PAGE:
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NEWS
July 4, 2011 | By Susan Snyder, INQUIRER STAFF WRITER
Fire broke out at a commercial building in Downingtown on Monday during the borough's Good Neighbor Day celebration. A firefighter near Kerr Park spotted smoke coming from the building at 10 Wallace Avenue shortly after 2 p.m., Downingtown fire officials said. Significant damage was reported from the two-alarm fire at the one-story brick building. The cause of the fire is under investigation by the Pennsylvania State Police and the Chester County Fire Marshal's office.   Contact Inquirer staff writer Susan Snyder at 215-854-4693 or ssnyder@phillynews.com  
NEWS
July 5, 2011
Fire broke out at a commercial building Monday in Downingtown during the borough's Good Neighbor Day celebration. A firefighter near Kerr Park spotted smoke coming from the building at 10 Wallace Ave. shortly after 2 p.m., Downingtown fire officials said. Significant damage was reported from the two-alarm fire at the one-story brick building. State police and the Chester County Fire Marshal's Office were investigating the cause. - Susan Snyder
NEWS
August 8, 2016 | By Julie Shaw and Jonathan Lai, STAFF WRITERS
Two firefighters suffered minor injuries while battling a blaze at a commercial building in Pennsauken on Saturday afternoon, authorities said. The firefighters, whose identities were not released, were taken to Cooper University Hospital, a Camden County dispatcher said. The blaze at 825 Hylton Rd. was reported at 1:10 p.m. and was put under control half an hour later. The dispatcher said roofing material had caught fire. The cause was under investigation. Pennsauken Fire Chief Joseph Palumbo said there was fire and smoke coming from the roof of the building, approximately 100-by-250-foot, when crews arrived.
NEWS
October 4, 2011 | Staff Report
A late night fire destroyed a commercial building in Gloucester Township, Camden County, but no one was injured. Police say they received a call at 10:52 p.m. Monday about a fire at the Wicked Designs building on the 1200 block of Old Black Horse Pike in the Blackwood section. The company designs and makes graphics and signs for corporate programs, including wraps for vehicles and banners. Units from Chews Landing, Blackwood, Glendora, Runnemede, Hi-Nella and Lindenwold Fire Companies responded, as did crews from the Gloucester Township Emergency Medical Service, Firefighters found heavy fire coming from the one-story building, with all sides ablaze.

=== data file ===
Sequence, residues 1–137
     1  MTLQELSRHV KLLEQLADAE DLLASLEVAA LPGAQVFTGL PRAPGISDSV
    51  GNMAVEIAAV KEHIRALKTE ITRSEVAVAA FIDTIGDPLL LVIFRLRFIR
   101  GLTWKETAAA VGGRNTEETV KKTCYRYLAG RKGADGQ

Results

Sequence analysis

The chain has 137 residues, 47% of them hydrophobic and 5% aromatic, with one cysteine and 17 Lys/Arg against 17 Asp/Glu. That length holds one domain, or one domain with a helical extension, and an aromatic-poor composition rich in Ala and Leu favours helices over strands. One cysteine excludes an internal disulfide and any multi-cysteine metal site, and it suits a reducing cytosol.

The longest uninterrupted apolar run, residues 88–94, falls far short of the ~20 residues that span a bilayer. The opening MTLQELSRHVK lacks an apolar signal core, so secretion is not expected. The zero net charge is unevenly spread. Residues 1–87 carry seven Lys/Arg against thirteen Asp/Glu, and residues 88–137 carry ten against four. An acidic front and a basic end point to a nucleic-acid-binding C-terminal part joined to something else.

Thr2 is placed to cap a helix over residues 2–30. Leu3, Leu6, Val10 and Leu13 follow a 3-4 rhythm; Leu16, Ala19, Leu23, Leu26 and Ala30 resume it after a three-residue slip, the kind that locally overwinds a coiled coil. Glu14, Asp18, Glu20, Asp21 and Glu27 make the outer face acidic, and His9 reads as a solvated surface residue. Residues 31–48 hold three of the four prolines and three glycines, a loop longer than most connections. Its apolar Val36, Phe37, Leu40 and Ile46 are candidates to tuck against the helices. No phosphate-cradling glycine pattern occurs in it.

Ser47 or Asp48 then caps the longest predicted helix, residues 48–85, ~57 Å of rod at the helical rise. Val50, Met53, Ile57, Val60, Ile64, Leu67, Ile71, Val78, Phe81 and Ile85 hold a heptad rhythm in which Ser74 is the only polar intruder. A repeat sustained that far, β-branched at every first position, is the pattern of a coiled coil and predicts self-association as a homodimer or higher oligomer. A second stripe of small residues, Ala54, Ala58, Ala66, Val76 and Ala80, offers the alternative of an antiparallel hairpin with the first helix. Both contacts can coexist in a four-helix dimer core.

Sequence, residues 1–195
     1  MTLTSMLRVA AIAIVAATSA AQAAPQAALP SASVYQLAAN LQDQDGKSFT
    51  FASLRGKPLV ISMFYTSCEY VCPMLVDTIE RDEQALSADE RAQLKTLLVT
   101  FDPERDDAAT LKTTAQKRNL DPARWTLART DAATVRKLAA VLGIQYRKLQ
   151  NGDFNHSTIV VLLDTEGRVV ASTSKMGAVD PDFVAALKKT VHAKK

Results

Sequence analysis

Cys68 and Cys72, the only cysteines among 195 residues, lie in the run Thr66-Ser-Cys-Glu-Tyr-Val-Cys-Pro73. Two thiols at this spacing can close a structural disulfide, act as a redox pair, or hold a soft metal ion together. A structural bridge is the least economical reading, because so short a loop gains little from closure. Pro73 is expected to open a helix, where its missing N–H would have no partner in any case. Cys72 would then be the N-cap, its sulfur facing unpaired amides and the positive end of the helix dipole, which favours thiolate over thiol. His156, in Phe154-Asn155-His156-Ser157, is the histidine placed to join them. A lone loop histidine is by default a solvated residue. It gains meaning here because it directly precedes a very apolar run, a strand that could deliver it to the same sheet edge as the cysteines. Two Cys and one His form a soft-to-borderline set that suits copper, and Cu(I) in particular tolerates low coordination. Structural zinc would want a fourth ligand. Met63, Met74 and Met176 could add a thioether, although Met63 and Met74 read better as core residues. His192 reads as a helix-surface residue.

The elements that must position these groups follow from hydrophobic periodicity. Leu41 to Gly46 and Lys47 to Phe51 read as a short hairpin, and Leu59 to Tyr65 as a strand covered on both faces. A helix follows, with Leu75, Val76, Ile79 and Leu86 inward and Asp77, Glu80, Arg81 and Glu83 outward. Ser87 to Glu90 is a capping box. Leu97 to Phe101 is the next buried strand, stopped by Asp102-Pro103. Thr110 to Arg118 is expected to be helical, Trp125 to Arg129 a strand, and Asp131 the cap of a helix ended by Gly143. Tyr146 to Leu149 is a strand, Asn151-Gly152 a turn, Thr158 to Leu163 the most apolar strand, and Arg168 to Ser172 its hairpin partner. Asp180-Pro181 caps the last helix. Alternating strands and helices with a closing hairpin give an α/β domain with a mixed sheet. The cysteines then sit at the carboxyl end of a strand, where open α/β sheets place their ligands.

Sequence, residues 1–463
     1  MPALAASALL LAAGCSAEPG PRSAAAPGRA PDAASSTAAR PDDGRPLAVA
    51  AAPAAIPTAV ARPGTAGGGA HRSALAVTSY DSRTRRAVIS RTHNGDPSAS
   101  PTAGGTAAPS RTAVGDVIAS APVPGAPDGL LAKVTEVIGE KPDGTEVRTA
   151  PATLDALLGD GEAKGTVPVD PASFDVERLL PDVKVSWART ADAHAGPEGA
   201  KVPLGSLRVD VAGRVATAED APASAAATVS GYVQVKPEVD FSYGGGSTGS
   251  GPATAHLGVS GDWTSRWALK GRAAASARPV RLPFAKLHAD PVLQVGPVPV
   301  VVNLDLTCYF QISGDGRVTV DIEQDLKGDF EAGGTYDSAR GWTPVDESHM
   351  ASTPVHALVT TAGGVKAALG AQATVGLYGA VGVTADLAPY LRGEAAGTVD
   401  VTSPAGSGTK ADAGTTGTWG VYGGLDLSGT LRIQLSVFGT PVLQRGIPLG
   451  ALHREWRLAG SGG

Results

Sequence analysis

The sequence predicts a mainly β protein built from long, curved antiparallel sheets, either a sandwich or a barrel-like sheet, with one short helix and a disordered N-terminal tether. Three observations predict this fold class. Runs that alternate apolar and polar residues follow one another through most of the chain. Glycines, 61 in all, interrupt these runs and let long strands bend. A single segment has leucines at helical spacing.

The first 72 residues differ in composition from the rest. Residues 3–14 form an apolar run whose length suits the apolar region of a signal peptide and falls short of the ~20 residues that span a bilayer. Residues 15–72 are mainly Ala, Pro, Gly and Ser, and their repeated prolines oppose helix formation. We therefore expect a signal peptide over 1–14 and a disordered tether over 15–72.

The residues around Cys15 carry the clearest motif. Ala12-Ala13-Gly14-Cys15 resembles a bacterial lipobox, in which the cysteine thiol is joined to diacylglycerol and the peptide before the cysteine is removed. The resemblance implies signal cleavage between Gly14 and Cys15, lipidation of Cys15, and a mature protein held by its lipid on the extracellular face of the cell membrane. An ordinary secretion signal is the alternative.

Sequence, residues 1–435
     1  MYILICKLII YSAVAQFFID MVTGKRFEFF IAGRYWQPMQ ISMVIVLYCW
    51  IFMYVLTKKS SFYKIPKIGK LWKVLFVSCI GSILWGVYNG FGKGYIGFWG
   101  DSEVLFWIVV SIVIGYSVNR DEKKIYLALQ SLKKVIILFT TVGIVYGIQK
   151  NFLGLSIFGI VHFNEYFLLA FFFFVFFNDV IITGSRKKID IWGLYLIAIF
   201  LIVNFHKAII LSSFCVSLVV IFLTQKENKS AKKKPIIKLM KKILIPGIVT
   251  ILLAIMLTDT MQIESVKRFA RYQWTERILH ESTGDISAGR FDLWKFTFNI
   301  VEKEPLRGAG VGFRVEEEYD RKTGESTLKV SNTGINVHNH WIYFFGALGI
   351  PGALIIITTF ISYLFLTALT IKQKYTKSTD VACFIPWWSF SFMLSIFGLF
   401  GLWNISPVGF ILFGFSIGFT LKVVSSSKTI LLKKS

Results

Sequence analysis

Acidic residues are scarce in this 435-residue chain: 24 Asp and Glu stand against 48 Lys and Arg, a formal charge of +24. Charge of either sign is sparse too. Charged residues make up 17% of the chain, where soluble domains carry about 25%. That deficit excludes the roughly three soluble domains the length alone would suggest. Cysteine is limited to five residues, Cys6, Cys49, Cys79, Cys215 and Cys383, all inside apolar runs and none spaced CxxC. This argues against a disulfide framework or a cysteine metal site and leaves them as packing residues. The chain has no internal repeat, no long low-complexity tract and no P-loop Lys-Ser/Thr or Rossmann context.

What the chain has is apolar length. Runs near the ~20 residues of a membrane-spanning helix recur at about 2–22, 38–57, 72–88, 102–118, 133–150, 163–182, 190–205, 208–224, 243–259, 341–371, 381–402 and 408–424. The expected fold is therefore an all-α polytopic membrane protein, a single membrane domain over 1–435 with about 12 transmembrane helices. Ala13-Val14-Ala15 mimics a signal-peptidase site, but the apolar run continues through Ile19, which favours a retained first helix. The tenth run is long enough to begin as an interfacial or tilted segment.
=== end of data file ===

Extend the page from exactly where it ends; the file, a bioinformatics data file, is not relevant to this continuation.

NEWS
February 6, 1986 | By Ruth Tallmadge, Special to The Inquirer
The Easttown Planning Commission has approved a lot-averaging plan for 21 acres on Berkeley Road. The design for 15 lots was approved by a 4-1 vote, with George Willman voting no. The development, owned by Henry Belber 2d and O. John Fuchs Jr., has met with neighborhood opposition over several months of public meetings. On Monday night, when developers told the Easttown supervisors they were willing to change their plans to gain township approval for lot-averaging, the supervisors voted unanimously to place the matter on the planning commission's agenda for the next day. One neighbor, Donald Clarke, continued to raise questions at Tuesday's meeting of the commission, mostly about water levels.
NEWS
January 24, 1993 | By Rosalee Polk Rhodes, INQUIRER CORRESPONDENT
Joanna Rhodes called it a "victory for the community" when she prevented a business from opening next door to her home on South Barber Avenue. And now, other commercial sites in residential neighborhoods that want to expand or change uses will be scrutinized more closely, local zoning officials say. The idea is to protect the aesthetics of the city's neighborhoods. "They will be handled on a case-by-case basis," said Jack Paterson, chairman of the zoning board. About 30 feet separates Rhodes' house in the 200 block of South Barber Avenue from a small, green, one-story commercial building.
NEWS
March 22, 1987 | By Wendy Walker, Special to The Inquirer